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The traditions of men (Mk 7:8-7:9)

“‘You abandon

The commandments

Of God!

You hold

To human tradition!’

Then he said to them.

‘You have a fine way

Of rejecting

The commandment

Of God,

In order

To keep

Your tradition!’”

 

ἀφέντες τὴν ἐντολὴν τοῦ Θεοῦ κρατεῖτε τὴν παράδοσιν τῶν ἀνθρώπων.

καὶ ἔλεγεν αὐτοῖς Καλῶς ἀθετεῖτε τὴν ἐντολὴν τοῦ Θεοῦ, ἵνα τὴν παράδοσιν ὑμῶν τηρήσητε.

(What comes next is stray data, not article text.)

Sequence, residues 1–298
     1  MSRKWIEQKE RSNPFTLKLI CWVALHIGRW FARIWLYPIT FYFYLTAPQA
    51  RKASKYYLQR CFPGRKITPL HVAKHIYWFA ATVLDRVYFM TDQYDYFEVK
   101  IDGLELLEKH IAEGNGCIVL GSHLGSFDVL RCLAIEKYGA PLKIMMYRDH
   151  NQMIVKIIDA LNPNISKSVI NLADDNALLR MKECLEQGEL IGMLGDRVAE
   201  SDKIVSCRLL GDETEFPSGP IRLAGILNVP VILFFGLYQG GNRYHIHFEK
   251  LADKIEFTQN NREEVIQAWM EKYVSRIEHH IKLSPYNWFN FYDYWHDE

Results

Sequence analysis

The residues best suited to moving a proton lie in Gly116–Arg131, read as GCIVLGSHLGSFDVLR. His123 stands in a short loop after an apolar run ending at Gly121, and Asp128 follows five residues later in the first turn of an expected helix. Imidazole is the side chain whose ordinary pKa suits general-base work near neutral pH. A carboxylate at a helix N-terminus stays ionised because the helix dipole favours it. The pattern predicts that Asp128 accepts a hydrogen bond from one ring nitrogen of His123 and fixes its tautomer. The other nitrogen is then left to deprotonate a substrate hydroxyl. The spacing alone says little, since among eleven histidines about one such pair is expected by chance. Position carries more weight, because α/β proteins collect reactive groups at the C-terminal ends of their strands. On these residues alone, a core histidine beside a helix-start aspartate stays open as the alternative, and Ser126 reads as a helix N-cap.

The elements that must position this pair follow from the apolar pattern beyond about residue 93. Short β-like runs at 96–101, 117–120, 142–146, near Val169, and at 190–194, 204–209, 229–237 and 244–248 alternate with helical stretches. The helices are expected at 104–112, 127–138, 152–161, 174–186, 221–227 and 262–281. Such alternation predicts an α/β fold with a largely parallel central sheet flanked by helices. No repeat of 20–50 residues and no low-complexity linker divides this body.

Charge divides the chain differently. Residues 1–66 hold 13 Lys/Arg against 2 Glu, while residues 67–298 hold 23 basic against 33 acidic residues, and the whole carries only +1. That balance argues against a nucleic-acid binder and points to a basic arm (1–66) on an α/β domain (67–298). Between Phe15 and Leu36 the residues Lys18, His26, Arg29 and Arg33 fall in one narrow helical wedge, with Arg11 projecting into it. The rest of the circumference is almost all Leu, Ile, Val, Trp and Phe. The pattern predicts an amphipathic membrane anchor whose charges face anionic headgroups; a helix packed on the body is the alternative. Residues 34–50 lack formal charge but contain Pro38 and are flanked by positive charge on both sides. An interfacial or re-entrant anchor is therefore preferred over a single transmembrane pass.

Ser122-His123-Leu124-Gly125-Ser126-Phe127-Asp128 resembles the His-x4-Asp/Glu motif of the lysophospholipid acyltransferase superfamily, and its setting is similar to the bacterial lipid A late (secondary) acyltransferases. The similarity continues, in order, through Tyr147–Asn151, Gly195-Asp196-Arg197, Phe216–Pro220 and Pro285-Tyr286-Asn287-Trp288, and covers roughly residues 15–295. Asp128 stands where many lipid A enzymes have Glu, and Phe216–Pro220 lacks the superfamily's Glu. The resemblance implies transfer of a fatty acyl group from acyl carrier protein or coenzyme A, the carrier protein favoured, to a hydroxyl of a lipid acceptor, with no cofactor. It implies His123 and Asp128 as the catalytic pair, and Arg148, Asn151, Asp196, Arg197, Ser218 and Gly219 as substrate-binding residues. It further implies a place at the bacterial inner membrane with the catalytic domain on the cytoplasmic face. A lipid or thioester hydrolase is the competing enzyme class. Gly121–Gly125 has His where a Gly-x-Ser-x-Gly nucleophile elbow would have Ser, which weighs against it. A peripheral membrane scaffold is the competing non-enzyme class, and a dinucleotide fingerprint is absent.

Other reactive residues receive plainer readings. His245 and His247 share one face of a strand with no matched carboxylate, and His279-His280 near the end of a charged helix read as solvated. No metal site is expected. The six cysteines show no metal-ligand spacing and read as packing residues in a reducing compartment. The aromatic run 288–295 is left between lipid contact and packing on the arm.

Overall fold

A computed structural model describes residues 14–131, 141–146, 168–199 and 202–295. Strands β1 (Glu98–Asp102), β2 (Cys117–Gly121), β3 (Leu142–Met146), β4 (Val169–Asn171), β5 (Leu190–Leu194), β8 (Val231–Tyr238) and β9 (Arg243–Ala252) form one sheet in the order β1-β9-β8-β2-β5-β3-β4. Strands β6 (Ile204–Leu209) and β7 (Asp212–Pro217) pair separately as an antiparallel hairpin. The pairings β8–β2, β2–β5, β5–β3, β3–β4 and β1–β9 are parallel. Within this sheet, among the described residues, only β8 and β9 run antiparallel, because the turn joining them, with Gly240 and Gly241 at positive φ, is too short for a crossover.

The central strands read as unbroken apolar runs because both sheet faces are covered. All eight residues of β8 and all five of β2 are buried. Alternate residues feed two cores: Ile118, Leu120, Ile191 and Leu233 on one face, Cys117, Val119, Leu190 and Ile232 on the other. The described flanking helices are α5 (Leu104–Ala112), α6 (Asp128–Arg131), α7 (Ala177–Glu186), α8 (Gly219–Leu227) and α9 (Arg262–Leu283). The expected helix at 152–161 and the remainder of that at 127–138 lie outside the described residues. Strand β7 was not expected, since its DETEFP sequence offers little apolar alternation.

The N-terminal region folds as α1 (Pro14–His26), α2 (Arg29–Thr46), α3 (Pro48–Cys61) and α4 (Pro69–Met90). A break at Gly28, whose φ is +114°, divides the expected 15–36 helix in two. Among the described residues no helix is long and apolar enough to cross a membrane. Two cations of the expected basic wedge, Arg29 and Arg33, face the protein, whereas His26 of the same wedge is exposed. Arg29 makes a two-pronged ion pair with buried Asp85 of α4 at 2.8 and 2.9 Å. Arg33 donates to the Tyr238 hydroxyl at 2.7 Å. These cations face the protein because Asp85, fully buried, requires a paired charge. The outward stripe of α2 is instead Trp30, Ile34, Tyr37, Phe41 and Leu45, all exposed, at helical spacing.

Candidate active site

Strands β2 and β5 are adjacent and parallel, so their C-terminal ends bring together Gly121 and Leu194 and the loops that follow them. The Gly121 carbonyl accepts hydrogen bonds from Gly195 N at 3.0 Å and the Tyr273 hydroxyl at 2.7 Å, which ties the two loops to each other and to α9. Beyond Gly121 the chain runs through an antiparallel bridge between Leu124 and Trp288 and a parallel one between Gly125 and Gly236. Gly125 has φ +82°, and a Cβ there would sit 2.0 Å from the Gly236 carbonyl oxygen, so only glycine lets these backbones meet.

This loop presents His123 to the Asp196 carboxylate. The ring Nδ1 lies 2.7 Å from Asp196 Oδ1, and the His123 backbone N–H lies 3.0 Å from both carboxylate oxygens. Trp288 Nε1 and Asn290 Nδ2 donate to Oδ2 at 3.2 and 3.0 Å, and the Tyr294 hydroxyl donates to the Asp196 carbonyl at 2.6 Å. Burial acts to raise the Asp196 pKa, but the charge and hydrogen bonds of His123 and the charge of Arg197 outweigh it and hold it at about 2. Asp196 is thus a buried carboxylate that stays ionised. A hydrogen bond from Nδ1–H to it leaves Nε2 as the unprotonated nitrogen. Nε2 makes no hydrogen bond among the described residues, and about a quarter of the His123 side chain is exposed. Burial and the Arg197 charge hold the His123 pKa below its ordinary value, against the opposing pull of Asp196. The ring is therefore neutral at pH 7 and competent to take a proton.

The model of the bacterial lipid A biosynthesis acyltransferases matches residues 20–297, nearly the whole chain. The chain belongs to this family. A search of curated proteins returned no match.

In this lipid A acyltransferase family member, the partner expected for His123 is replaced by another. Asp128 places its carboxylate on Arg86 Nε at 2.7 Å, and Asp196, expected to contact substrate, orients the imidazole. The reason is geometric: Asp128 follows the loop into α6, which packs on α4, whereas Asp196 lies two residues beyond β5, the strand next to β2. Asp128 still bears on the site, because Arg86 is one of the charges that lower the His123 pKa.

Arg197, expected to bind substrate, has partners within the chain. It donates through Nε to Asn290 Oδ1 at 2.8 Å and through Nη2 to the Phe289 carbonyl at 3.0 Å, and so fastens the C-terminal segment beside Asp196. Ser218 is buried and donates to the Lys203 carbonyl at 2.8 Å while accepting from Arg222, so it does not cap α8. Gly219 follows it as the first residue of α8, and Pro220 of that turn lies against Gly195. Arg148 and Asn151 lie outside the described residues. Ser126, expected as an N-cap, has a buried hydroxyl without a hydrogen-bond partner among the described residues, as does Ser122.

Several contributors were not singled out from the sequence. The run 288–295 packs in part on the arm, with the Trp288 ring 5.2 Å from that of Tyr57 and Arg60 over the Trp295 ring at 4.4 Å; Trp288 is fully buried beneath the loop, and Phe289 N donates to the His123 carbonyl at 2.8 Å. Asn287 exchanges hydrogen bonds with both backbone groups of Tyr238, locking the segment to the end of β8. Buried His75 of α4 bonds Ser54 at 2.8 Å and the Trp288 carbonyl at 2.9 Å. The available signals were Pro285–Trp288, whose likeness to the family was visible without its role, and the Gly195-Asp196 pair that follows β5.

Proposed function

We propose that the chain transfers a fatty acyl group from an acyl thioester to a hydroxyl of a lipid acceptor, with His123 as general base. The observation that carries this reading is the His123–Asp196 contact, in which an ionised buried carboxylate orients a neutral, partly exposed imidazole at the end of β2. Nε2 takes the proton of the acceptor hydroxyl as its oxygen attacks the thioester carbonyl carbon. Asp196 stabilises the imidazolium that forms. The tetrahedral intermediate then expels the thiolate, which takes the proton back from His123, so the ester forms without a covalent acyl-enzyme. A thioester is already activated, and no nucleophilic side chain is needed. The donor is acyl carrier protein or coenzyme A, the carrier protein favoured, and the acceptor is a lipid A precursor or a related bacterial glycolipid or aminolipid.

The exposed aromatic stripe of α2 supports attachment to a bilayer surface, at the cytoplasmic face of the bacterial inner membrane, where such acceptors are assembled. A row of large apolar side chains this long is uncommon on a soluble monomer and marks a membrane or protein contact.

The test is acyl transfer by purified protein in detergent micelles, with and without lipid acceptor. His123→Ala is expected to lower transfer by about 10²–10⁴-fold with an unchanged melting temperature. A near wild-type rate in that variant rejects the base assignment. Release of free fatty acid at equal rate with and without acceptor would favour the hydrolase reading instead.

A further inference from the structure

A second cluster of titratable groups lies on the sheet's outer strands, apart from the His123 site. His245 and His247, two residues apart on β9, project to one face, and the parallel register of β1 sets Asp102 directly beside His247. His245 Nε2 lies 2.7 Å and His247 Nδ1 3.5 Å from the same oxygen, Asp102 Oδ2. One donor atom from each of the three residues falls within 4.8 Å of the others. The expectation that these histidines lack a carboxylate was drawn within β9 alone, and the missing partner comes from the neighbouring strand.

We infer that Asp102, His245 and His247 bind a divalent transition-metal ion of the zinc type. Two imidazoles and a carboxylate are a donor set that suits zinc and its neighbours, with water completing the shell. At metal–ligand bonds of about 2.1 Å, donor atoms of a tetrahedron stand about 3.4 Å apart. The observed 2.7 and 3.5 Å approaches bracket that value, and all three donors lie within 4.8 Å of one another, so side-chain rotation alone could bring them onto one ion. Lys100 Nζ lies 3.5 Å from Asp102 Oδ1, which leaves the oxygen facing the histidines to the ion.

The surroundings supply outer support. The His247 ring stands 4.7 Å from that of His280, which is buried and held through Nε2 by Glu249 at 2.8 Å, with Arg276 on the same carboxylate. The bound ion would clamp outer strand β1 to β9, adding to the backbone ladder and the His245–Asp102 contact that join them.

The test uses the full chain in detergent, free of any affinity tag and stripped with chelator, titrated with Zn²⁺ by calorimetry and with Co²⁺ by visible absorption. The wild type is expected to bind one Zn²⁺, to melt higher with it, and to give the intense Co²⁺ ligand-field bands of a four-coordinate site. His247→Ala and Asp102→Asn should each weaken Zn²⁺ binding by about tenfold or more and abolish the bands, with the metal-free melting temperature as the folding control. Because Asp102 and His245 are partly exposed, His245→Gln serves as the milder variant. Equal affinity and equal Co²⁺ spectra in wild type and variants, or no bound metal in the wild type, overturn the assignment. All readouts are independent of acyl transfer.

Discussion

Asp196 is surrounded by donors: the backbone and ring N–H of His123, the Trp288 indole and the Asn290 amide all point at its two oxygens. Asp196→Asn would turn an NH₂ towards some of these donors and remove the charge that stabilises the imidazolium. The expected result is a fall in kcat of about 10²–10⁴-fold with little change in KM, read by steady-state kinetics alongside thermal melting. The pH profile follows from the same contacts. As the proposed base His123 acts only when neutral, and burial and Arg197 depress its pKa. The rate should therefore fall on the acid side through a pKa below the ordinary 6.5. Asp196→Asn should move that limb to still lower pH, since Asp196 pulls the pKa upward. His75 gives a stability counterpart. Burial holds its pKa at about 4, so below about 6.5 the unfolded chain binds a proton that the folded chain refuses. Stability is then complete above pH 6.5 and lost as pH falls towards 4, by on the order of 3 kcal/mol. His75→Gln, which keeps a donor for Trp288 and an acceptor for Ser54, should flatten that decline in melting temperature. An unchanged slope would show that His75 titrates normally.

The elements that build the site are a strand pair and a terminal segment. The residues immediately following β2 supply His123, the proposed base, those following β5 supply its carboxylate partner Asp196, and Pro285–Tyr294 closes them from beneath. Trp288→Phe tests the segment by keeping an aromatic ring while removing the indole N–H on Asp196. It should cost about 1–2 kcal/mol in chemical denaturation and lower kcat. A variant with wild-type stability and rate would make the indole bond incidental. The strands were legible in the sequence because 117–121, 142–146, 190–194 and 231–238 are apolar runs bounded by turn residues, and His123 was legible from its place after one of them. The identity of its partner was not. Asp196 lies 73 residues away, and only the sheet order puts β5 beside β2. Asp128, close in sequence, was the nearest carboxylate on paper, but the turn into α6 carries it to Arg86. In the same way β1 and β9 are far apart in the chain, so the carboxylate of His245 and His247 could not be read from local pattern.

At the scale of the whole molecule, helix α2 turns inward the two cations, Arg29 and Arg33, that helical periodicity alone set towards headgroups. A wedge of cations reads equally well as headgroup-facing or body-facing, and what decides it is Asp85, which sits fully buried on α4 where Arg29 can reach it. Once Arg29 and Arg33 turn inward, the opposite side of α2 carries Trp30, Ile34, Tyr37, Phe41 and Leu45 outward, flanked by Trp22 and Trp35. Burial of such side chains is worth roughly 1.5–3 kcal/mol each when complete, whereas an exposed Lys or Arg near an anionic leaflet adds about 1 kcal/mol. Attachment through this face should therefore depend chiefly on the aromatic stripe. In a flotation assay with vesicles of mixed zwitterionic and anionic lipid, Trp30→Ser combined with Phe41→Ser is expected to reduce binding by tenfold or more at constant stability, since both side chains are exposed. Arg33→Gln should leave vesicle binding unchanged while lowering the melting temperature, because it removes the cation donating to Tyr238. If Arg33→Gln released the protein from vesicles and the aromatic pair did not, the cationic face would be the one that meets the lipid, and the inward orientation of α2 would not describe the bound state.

There is something similar to this in Matthew, chapter 15:3.  Mark indicated that Jesus said that they had abandoned or neglected the commandments of God (ἀφέντες τὴν ἐντολὴν τοῦ Θεοῦ).  Instead, they followed or kept their own human traditions or instructions (κρατεῖτε τὴν παράδοσιν τῶν ἀνθρώπων).  This is a question that many Evangelical Christians ask about mainline Christian Churches, especially Catholics and Orthodox, that have strong Christian traditions.  However, sometimes, new traditions are hard to break also.  This seems to set a dichotomy against God’s commandments and human religious traditions.  Some ancient manuscripts added the section that was in chapter 7:4 here.  There are many other traditions that they hold or observe (καὶ ἄλλα πολλά ἐστιν ἃ παρέλαβον κρατεῖν) about washing cups (βαπτισμοὺς ποτηρίων), pots (καὶ ξεστῶν), and bronze plates (καὶ χαλκίων).  Then Jesus said to them (καὶ ἔλεγεν αὐτοῖς) that they had a fine honorable way of rejecting the commandments of God (Καλῶς ἀθετεῖτε τὴν ἐντολὴν τοῦ Θεοῦ), in order to keep their own traditions (ἵνα τὴν παράδοσιν ὑμῶν τηρήσητε).  This last saying was not in Matthew.  This is a very strong rejection of Jewish traditional religious practices.